ch06 - 6-1 Introduction To Empirical Models6-1 Introduction...

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Unformatted text preview: 6-1 Introduction To Empirical Models6-1 Introduction To Empirical Models6-1 Introduction To Empirical Models6-1 Introduction To Empirical ModelsBased on the scatter diagram, it is probably reasonable to assume that the mean of the random variable Y is related to x by the following straight-line relationship:where the slope and intercept of the line are called regression coefficients.The simple linear regression modelis given bywhere εis the random error term.We think of the regression model as an empirical model.Suppose that the mean and variance of εare 0 and σ2, respectively, thenThe variance of Ygiven xis6-1 Introduction To Empirical Models•The true regression model is a line of mean values:where β1can be interpreted as the change in the mean of Yfor a unit change in x.•Also, the variability of Y at a particular value of xis determined by the error variance, σ2.•This implies there is a distribution of Y-values at each xand that the variance of this distribution is the same at each x.6-1 Introduction To Empirical Models6-1 Introduction To Empirical Models6-1 Introduction To Empirical ModelsA Multiple Regression Model:6-1 Introduction To Empirical Models6-1 Introduction To Empirical Models6-2 Simple Linear Regression6-2.1 Least Squares Estimation•The case of simple linear regression considers a single regressoror predictorx and a dependentor response variableY.•The expected value of Yat each level of xis a random variable:•We assume that each observation, Y, can be described by the model6-2 Simple Linear Regression6-2.1 Least Squares Estimation• Suppose that we have n pairs of observations (x1, y1), (x2, y2), …, (xn, yn).6-2 Simple Linear Regression6-2.1 Least Squares Estimation•The method of least squaresis used to estimate the parameters, βand β1by minimizing the sum of the squares of the vertical deviations in Figure 6-6.6-2 Simple Linear Regression6-2.1 Least Squares Estimation•Using Equation 6-8,the nobservations in the sample can be expressed as•The sum of the squares of the deviations of the observations from the true regression line is6-2 Simple Linear Regression6-2.1 Least Squares Estimation6-2 Simple Linear Regression6-2.1 Least Squares Estimation6-2....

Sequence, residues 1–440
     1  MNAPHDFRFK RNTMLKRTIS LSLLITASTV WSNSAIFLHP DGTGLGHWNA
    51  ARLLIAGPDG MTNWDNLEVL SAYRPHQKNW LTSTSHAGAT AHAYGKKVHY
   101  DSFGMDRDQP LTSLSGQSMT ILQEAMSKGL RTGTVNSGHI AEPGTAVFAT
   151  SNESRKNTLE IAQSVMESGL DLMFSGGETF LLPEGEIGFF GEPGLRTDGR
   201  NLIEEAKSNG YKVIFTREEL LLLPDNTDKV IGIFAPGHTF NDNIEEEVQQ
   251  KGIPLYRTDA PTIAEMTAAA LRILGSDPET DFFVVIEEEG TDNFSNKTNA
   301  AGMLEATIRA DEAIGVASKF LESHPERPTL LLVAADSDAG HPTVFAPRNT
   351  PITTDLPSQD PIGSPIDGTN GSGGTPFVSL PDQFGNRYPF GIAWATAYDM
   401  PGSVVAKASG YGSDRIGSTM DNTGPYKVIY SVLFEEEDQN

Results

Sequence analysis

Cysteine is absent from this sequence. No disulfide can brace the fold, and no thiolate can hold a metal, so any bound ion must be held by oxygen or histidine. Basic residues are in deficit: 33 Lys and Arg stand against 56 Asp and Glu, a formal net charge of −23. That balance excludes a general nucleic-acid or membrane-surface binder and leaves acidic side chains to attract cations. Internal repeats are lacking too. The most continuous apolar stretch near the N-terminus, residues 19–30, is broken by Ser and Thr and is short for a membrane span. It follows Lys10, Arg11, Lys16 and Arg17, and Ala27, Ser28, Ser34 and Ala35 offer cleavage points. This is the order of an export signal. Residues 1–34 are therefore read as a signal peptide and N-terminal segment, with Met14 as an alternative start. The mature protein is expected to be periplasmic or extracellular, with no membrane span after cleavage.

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This note was uploaded on 02/02/2010 for the course ME 3600 taught by Professor Kamman during the Fall '09 term at Western Michigan.

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ch06 - 6-1 Introduction To Empirical Models6-1 Introduction...

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